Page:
How to handle making mistakes

Chances are you have experienced the negative impact of doing something that leaves you with a black mark against your name. No matter what you do thereafter, it seems, you simply can’t shake it. You don’t get that promotion, you have responsibility taken from you, you could even be demoted or worse ‘let go’. Is it possible to turn things around? The answer isn’t simple. Of course, it depends on the individuals you are working with, how forgiving they are, what you did in the first place and how you handled it.

We all make mistakes, it’s human nature. In the ideal workplace culture, you make a mistake, everyone accepts it, quickly forgives you, forgets about it and moves on and what you did doesn’t hang over your head like a black cloud forever more. But the workplace can sometimes be unforgiving and shaking off a bad reputation that arises from poor performances and mistakes can be hard to do.

The truth is, sometimes we simply can’t redeem ourselves in a particular organisation. For whatever reason, sometimes the best approach for your career progression is to start looking for a new job, a fresh start, where you can apply the lessons you have learned in a brand new environment with brand new people in a culture that will let you grow. But for the sake of this article, let’s assume that whatever it was you did wrong, you have the opportunity to redeem yourself, turn things around and free yourself any black marks against your name. Here are some steps you can take in order to begin the process:

1. Forgive yourself

We can be our own biggest critics. Yes, you performed poorly and made a mistake (or several mistakes) but if there is any chance of others forgiving you, you first need to forgive yourself. Sometimes we become so rattled by the mistake we make that we lose confidence in our ability to do our job well. If we doubt ourselves, then how can we expect others to trust in our abilities to do a good job. By accepting that you made a mistake and being willing to forgive yourself, you can move on to the next step of fixing it.

2. Acknowledge your mistake

The next step here is to be brave enough and vulnerable enough to acknowledge that you made a mistake. A big one. One that has damaged the trust your work colleagues or customers had in you. Being vulnerable and humble can work a long way towards receiving forgiveness from others and re-establishing trust. When we show our vulnerability, others are naturally compelled to help us. Being vulnerable reminds others that we are all humans and prone to mistakes.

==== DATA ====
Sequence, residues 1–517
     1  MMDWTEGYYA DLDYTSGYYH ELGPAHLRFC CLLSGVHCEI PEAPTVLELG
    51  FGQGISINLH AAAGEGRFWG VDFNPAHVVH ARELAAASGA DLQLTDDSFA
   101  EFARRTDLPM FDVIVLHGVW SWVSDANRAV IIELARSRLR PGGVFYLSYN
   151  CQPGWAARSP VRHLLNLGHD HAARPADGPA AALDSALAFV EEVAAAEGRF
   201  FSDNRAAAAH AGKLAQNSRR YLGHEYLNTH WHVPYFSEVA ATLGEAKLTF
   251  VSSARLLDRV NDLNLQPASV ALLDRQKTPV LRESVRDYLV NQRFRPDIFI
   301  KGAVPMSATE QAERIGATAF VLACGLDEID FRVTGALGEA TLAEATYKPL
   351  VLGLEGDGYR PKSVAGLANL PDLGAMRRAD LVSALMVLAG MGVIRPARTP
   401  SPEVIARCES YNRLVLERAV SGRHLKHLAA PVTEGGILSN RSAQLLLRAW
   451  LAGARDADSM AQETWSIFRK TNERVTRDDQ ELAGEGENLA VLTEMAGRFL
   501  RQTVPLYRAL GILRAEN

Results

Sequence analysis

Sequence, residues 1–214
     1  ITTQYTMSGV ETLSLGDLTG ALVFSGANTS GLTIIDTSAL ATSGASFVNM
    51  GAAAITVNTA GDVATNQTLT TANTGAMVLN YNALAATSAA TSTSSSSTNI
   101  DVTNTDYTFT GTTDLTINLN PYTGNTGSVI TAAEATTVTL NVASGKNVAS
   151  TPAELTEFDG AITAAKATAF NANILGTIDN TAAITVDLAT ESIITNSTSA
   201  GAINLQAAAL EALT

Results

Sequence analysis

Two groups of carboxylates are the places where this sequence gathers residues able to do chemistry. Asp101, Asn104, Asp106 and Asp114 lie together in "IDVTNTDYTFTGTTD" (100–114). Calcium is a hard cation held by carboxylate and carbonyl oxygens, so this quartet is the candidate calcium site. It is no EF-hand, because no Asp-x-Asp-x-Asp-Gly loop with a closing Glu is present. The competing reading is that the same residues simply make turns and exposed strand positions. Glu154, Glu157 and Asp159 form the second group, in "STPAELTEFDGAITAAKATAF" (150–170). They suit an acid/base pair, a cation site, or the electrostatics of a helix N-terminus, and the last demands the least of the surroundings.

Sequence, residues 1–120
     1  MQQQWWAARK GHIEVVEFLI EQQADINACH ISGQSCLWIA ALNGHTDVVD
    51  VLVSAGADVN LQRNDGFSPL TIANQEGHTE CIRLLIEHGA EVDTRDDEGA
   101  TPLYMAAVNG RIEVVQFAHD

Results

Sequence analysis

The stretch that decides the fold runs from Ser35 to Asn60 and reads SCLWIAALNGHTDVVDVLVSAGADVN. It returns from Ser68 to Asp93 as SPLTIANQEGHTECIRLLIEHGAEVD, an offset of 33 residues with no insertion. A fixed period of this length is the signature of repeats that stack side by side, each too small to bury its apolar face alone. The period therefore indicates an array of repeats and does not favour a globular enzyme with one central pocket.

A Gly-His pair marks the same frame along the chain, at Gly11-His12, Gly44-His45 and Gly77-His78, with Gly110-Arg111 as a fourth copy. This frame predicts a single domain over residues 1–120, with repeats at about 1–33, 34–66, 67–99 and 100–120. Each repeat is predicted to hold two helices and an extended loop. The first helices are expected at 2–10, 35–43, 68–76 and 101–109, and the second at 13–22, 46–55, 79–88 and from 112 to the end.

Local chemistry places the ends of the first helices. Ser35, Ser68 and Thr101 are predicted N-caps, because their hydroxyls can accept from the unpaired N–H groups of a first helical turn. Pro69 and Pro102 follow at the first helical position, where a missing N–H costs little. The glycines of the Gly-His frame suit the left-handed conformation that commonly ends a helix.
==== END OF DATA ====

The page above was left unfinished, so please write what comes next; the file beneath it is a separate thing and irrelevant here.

3. Fix it

There’s a great approach to theatre acting. If you make a mistake, don’t try to cover it up. As soon as you try to cover things up, the audience spots it a mile off and instantly loses respect or loses rapport with you. Instead, make it obvious, make a big deal out of your mistake, get the audience involved and laughing along with you. This analogy can be applied to the workplace. When you make a mistake that could potentially tarnish your reputation, make sure you address it loudly and clearly. Apologise. Explain why it happened and most importantly, make sure you communicate how you are going to fix it or ensure it won’t happen again. Having accountability for the mistakes you make shows that you are mature and responsible enough to admit mistakes, learn from them and take measures to stop them from occurring again. It is a redeeming quality and one that (hopefully) people can appreciate and accept. By addressing your mistakes in a responsible manner, you may even be able to reverse the issue and build even greater rapport with your colleagues and clients alike. Admitting your mistakes and communicating the learnings can also help others to not make the same mistakes in their work. Having a culture that sees mistakes as opportunities for learnings and improvements is an excellent way to cultivate a warm and accepting workplace environment, not one lead by fear of doing something wrong.

The next time you make a dreadful mistake or faux pas that could tarnish your reputation, take your own power back and try these actions to turn things around. Covering mistakes up or trying to move on without addressing them leaves others feeling suspicious and untrusting. It’s much better to acknowledge and address big mistakes and could in fact work towards building stronger connections in the long run.

I’d love to help your company in all matters of leadership and teamwork. Could your team benefit from one of my tailored leadership workshops? Please get in touch today.

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